Sports: A Secret to Self-Esteem

Enjoy the game (as a kid) and you’ll stand tall (when you need a job)
Rahman Mohamed

Today Canada is watching Russia; it’s not just because there aren’t any NHL games on but because the Canada’s skating fast and not letting the cold freeze its medal count for the 2014 Sochi Winter Olympics.

In between each game there are ads from firms that sponsor Canada’s Olympic team.  Many have advertised increasing support for children’s sports and athletics.  Besides physical activity, does playing sports have other advantages?

According to a study, It’s not how much you play, but how much you enjoy the game: The longitudinal associations between adolescents’ self-esteem and the frequency versus enjoyment of involvement in sports, published in the Journal of youth and adolescence (2014), if you enjoy the game you play your self-esteem will soar.

In a four-year longitudinal study of high school students that examined the enjoyment of sports and self-esteem while controlling frequency of involvement, a direct relationship with sport enjoyment and self-esteem was found; rather than playing more, the more a person enjoys a sport, the higher the self-esteem.

Canada’s Olympians showed.  Tessa Virtue and Scott Moir stood on the podium with Silver in ice dance, but they weren’t disappointed.

Tessa Virtue told CBC Sports “It was a really fun performance … Obviously, you are here to defend your title. You also want to have fun. You still love what you do.”  Moir added that he doesn’t just enjoy skating, he enjoys skating for Canada “To be on this stage representing Canada, it’s a huge thing for Tessa and I to be part of a fantastic Olympic Canadian team … We love what we do. We love skating together. We have a lot of special moments, and that was one of them.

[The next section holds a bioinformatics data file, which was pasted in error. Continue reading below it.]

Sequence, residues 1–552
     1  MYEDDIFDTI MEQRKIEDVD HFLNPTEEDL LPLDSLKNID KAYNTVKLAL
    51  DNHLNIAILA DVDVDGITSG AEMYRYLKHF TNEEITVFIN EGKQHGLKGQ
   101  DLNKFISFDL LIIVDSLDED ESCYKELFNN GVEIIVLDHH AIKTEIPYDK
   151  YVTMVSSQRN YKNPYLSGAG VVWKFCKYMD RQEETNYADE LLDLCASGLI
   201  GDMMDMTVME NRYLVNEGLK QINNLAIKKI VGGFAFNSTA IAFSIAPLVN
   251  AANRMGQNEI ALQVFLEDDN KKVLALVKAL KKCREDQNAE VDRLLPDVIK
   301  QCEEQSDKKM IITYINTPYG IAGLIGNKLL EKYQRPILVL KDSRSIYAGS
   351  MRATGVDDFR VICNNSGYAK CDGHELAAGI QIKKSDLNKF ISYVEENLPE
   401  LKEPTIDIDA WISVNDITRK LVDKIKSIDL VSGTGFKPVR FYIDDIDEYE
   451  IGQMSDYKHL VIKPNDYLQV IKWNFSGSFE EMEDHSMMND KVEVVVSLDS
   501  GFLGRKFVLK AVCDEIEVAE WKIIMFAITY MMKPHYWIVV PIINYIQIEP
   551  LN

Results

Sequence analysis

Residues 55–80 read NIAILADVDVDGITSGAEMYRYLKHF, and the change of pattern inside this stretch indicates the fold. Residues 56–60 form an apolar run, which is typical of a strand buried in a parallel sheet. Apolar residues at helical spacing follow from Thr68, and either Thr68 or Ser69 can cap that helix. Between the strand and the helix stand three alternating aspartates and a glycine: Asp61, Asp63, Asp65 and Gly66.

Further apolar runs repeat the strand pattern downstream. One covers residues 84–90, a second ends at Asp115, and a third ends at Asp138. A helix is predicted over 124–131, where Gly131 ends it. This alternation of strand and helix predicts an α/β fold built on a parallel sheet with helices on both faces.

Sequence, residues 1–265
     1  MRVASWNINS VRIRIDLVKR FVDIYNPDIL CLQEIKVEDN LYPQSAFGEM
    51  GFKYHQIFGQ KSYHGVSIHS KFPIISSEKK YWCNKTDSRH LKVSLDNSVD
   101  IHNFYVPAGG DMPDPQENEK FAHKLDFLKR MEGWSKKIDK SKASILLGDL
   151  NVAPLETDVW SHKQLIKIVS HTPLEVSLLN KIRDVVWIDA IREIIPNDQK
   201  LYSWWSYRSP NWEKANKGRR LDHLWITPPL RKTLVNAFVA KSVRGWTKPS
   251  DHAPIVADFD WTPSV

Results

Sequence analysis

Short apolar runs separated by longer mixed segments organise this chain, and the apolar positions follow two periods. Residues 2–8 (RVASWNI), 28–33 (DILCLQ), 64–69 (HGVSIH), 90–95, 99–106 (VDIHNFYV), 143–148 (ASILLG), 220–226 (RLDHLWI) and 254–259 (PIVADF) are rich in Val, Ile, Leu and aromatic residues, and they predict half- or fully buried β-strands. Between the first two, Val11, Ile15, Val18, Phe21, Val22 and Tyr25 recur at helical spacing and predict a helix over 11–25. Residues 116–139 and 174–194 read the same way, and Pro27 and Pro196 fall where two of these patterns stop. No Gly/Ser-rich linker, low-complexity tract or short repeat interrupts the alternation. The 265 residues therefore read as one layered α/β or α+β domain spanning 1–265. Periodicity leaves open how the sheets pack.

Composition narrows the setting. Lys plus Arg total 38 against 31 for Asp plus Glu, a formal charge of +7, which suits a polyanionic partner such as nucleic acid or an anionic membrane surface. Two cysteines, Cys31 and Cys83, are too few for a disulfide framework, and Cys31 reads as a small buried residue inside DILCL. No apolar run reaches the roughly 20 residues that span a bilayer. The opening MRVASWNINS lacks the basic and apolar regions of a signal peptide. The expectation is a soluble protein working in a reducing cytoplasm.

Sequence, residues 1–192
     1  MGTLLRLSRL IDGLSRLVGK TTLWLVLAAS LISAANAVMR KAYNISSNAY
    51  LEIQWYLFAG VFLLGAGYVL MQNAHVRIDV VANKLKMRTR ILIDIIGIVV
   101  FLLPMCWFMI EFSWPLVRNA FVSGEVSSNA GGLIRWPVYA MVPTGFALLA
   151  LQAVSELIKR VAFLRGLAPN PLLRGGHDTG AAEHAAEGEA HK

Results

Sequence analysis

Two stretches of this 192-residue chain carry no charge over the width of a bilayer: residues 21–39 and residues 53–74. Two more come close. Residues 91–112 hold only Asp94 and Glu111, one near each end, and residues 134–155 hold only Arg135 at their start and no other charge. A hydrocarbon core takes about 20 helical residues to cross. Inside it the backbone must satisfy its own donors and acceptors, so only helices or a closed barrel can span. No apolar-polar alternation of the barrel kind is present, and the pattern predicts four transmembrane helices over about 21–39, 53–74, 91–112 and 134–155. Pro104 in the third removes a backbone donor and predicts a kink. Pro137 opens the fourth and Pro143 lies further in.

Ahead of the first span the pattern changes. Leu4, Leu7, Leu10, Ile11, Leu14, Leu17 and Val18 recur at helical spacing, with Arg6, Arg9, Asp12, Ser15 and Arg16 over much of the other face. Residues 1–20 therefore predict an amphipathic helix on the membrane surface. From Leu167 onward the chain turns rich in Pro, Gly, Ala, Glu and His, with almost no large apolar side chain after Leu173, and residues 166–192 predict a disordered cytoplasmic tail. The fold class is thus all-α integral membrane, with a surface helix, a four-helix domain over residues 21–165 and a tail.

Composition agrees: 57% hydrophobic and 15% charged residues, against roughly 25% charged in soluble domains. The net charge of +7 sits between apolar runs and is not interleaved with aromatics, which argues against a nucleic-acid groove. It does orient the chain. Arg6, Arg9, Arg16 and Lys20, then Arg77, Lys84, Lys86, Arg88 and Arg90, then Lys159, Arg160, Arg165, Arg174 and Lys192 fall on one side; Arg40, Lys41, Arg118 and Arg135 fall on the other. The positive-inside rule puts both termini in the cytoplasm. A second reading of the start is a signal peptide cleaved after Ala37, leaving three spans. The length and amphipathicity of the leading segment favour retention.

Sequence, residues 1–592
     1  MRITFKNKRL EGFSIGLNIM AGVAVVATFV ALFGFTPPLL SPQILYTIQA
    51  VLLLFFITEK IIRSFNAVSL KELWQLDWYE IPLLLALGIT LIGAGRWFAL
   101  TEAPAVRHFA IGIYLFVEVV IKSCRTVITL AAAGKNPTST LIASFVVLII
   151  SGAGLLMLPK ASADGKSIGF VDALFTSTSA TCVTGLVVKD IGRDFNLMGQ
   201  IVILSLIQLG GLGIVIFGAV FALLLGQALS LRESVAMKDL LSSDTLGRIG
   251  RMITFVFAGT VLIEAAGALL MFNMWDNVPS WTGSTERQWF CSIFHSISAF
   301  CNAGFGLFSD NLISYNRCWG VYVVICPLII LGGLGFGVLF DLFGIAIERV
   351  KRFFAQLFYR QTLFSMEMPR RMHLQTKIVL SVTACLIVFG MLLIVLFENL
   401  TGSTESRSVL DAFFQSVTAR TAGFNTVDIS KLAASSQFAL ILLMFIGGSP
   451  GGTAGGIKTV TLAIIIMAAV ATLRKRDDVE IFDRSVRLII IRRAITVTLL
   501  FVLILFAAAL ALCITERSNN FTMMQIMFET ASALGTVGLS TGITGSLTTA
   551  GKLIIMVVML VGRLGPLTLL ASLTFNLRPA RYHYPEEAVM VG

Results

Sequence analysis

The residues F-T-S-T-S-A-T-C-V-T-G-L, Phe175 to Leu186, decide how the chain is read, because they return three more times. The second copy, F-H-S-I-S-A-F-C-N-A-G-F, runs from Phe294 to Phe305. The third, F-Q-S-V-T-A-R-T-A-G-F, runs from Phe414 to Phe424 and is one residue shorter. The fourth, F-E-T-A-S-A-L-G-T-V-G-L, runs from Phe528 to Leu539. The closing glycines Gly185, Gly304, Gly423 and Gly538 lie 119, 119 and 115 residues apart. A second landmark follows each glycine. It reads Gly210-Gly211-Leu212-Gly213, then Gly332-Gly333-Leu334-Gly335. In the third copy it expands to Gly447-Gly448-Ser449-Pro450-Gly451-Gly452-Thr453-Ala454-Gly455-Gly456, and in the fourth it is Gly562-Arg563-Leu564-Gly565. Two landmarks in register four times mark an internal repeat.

Now it’s been reported coach that Marina Zoeva was behind Canada (Tessa Virtue and Scott Moir) and America (Meryl Davis and Charlie White).  USA won Gold but it still hasn’t dampened their spirits; CTV reported that Scott Moir said

“And the Olympics — even this coaching thing that is going to make a couple headlines — it gives you great lessons for life,” Moir said. “I think the Olympics has been in my mind since I was a little boy, and it’s kind of what I modelled my life around and to be able to come to two Games, I just needed to say bye I guess.
“It felt like a victory to me, it was a celebration.”


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